Currently there are over a million people in this country suffering from thyroid conditions. This only includes those who have been diagnosed and unfortunately in our experience, diagnosis is often delayed due to incomplete testing or sufferers putting up with mild and vague symptoms for long periods of time. With this in mind, there are likely many more people out there who are yet to be diagnosed. The purpose of this blog is to help you understand what Grave’s Disease is, how it can be diagnosed and what can be done about it.
What is Grave’s Disease?
Grave’s is an autoimmune condition, whereby the body’s internal immune system is creating inflammation at the site of the thyroid gland. Due to this inflammation, the function of the thyroid becomes affected and speeds up, becoming hyperthyroid. The difference between Grave’s and a general overactive (hyperthyroid) is that the immune system is involved.
The reason why someone develops Graves is unfortunately not completely understood, however, we do know that there are certain risk factors associated:
Approximately 80% of people with autoimmune conditions are female. Around 5x more women develop Grave’s compared to men.
Having other autoimmune conditions such as Rheumatoid Arthritis, Coeliac Disease or Lupus increases your chance of developing another autoimmune condition.
Genetics susceptibility means that if you have a direct relative with an autoimmune condition your risk increases.
Certain infections such as Epstein Barr Virus or Strep throat are thought to potentially trigger autoimmune reactions in the body.
Exposure to radiation or toxins from the environment such as BPA, radiation and asbestos.
Gut dysbiosis from frequent antibiotic use, poor diet or long-term digestive issues.
Common symptoms of Grave’s Disease
In Grave’s, many of the typical hyperthyroid symptoms are exacerbated and may not respond as well to typical medical interventions. Thyroid hormones control the speed of many functions throughout the body and when the production of these hormones speeds up we tend to see:
Energy increases which can often feel like anxiety or can’t sit still. (If this has been going on for a while then it can lead to fatigue).
Diarrhoea or increased appetite with difficulty feeling satiated.
Weight loss or finding it hard to put on weight.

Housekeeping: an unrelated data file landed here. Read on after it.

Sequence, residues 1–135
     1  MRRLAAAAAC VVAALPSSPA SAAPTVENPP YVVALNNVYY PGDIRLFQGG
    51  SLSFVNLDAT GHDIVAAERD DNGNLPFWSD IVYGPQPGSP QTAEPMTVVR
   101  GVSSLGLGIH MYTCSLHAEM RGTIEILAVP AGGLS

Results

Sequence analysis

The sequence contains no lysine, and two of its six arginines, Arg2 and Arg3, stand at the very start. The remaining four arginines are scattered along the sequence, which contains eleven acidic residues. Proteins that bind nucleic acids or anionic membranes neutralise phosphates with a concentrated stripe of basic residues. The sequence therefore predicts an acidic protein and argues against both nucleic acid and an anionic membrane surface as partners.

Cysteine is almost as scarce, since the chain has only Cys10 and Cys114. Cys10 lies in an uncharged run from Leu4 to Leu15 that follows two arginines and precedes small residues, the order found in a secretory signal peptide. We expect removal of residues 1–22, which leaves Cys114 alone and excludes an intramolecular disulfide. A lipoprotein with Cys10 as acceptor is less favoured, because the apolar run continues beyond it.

Increased or irregular heart rate.
Tremor, feeling shaky or buzzing.
Inability to concentrate or gather thoughts.
Joint pain, muscle weakness and loss of muscle tone.
Fluctuations in mood, irritability and ‘not feeling quite right’.
Feeling hot and an increase in sweating.
Missing or irregular periods, difficulty falling pregnant.
Bulging or wide eyes.
Enlarged thyroid or visible goitre.
How to know if you have Grave’s?
If you have been experiencing these symptoms or if you have been diagnosed with a hyperthyroid, perhaps it is worth investigating if you have Grave’s. This can be done through a simple blood test looking at both the thyroid hormone markers and the autoantibodies:
Thyroid peroxidase antibodies (TPO)
Thyroglobulin antibody (TGAb)
TSH receptor antibodies (TRAB)
TSH, T3, T4
In Grave’s we will often see low TSH, high T3 and T4 and at least one of the thyroid antibodies elevated.
What can you do if you have Grave’s?
1. Go gluten free
Gluten, the protein found in wheat and other grains, has been shown to have inflammatory effects in the body, particularly for those with autoimmune conditions such as Hashimoto’s. Research has found that following a gluten free diet for six months has shown a reduction in thyroid antibody levels, therefore, completely avoiding gluten containing foods is recommended as a long-term lifestyle change.
2. Consume selenium
Acting as an antioxidant in the body, selenium is an essential micronutrient needed for many functions throughout the body including thyroid health. The thyroid contains and uses the most selenium out of all the organs in the body. When there is a deficiency of selenium, the body is at a greater risk of developing Grave’s or other thyroid conditions. Consuming just 5 brazil nuts each day can be a wonderful food-based way of increasing your selenium intake.
3. Reduce your toxin exposure
The thyroid organ is particularly sensitive to exposure to toxins. Long-term exposure to heavy metals (mercury, lead, cadmium), household toxins (cleaning products, pesticides, plastics), pesticides, workplace chemicals and radiation have been associated with thyroid diseases, including Grave’s. We recommend doing a household audit to reduce the number of toxins you are exposed to on a daily basis and replacing them with home-made or natural alternatives.
4. Check your Vitamin D status
Deficiency in Vitamin D has been associated with autoimmune conditions and thyroid disease, including Grave’s. Vitamin D also has a strong role to play in the body’s innate immune function by helping to process and eliminate infections which could exacerbate autoimmune symptoms. The best way to increase your Vitamin D is to directly expose your skin to the sun for 10-20 minutes every day. The amount of time you need in the sun will depend on the colour of your skin, darker skin needing more than lighter skin.